In Chapter 2, Mill looks exclusively at issues of freedom of thought and of opinion. It is significant that he attempts to justify the importance of this freedom by showing its social benefits––for Mill, diversity of opinion is a positive societal good.
Mill’s argument that the dissenting opinion may be true brings up some important points. First, it highlights that Mill believes that moral truths do exist. Thus, in defending liberty, Mill does not say that all opinions are equally valid Mill is not a relativist; he is not saving that all things can be true according to their circumstances. Rather, he is simply saying that any single idea might be true, and that for this reason no idea can be dismissed, since truth is a boon to progress.
Second, Mill tries to show the contingency of popular beliefs about truth while going to great lengths to not actually state that any popular views about things like religion are wrong. To accomplish this, he observes that in the past people hay e been persecuted for what is now believed to be true. Thus, Mill creates a logical situation in which anyone reading must accept that if they support persecuting “false” views, then they are required to accept their own persecution if in the minority on a specific issue. Mill is thereby able to dismiss the persecution of “false” views, without condemning modern views as being false. Third, Mill’s examples of persecuted truths reflect some of his rhetorical strategies in this essay. Mill is very conscious of his audience in 19th century
, and he uses examples, like the crucifixion of Christ, which would certainly have resonance with his readers. This reflects a more general strategy in this essay of choosing familiar and often uncontroversial examples in order to make much broader moral claims. In reading this essay it is important to remember that England did not have the same legal protection of liberty that it has today : Mill uses examples to make his points that would not get him into trouble with the law or English society. England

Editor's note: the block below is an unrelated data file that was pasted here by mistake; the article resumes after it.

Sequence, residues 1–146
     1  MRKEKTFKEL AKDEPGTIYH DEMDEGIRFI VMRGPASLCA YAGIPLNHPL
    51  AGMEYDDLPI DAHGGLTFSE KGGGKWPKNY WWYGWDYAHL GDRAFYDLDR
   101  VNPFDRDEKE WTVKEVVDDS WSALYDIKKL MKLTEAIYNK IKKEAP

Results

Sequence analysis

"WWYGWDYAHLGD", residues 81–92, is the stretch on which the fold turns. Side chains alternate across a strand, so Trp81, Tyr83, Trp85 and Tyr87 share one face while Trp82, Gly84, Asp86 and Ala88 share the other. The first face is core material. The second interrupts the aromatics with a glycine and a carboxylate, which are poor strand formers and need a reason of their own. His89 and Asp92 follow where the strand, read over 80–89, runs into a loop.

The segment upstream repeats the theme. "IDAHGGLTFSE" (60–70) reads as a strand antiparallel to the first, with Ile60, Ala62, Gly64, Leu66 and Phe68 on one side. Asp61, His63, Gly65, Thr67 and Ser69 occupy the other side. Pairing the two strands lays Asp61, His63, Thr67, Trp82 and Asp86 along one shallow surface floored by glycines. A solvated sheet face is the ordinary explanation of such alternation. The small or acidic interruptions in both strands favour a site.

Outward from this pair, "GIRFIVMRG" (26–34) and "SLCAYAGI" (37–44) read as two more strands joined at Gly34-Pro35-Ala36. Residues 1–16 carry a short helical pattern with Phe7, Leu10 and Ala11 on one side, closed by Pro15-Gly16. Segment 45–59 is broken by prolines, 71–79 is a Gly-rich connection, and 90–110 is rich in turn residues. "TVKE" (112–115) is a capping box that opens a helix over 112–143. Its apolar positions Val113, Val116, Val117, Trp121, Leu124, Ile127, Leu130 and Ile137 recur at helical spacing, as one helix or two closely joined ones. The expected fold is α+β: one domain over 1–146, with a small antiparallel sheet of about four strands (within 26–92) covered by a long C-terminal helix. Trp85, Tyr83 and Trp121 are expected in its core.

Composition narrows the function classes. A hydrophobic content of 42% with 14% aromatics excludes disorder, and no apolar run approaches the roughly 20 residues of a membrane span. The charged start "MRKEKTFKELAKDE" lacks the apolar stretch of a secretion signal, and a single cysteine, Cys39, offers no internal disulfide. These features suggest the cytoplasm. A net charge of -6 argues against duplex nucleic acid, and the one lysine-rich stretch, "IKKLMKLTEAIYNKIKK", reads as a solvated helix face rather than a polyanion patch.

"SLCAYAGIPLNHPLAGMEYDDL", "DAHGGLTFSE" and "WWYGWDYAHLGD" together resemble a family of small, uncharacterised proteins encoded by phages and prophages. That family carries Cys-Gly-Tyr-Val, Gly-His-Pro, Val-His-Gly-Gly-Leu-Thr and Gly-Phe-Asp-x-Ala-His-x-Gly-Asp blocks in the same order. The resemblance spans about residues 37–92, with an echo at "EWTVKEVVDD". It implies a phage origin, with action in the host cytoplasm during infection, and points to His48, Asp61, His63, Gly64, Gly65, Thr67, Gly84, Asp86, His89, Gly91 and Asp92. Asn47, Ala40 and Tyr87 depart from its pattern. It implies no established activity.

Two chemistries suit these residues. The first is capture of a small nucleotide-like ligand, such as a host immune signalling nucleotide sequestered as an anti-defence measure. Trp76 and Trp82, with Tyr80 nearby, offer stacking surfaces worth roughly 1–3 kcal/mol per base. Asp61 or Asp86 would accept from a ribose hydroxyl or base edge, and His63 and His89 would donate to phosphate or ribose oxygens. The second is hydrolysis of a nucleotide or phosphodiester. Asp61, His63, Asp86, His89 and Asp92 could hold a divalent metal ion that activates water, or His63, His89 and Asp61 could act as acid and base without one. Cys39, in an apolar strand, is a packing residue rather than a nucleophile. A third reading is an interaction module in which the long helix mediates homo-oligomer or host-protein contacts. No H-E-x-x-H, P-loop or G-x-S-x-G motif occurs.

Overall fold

Finally, it is worth thinking about the importance of Mill’s assumption in the existence of truth to his justification for freedom of opinion. If no one could be wrong or right would this require tolerance and respect of difference, or could the strongest opinion simply try to defeat all others? Mill does not try to answer this question, because the existence of truth is assumed throughout. However, thinking about such issues is important in seeing how persuasive Mill can he to people who do not share all of his assumptions.
Mill makes the case that if people hold a true opinion they will benefit from hearing dissenters argue against that opinion. He also observes that he thinks most people only know partial truths, and that they might benefit from hearing other fragments of true. This discussion reflects a particular conception of how people learn Mill contends that people learn through debate, and through having their opinions challenged. Thus, dissenting opinions are socially useful because they help people to understand the real strength (and limitations) of their own beliefs. Mill believes that the usefulness of dissenting opinions cannot be substituted for, neither when the unpopular view is partially true, nor when it is completely false.
One idea to consider when thinking about Mill’s argument is whether he has an overly idealized view of this learning process. For example, what happens when the conflicting opinions rest on fundamentally different presuppositions––are the conversations that Mill describes really possible? If people do not share the same vocabulary for discussing moral and political issues, then will they really be challenging each other or simply talking past each other? Think about what answer Mill might give to this problem. If his answer is unconvincing, then can he still say that a diversity of opinions is socially useful?Finally, it is also worth looking at Mill’s refutation of someone who thinks that Christianity is the whole truth. Mill seems to argue that such a person misinterprets Christianity. Would this response be convincing to a person with views on Christianity that are different from Mill’s? Does Mill have other arguments that might provide a better response to this claim? More generally, Mill’s discussion of religious toleration in Chapter 2 brings up the issue of whether Mill can be convincing to people whose beliefs demand intolerance of those who disagree with them. Since Mill is using social benefit as the basis of his justification for liberty, it would seem that a person who believes in intolerance could simply say that any benefits of free opinion are outweighed by allowing something evil to be expressed. Think about how persuasive such a critique is, given Mill’s claims about the need for dissent in order to truly understand one’s own opinions.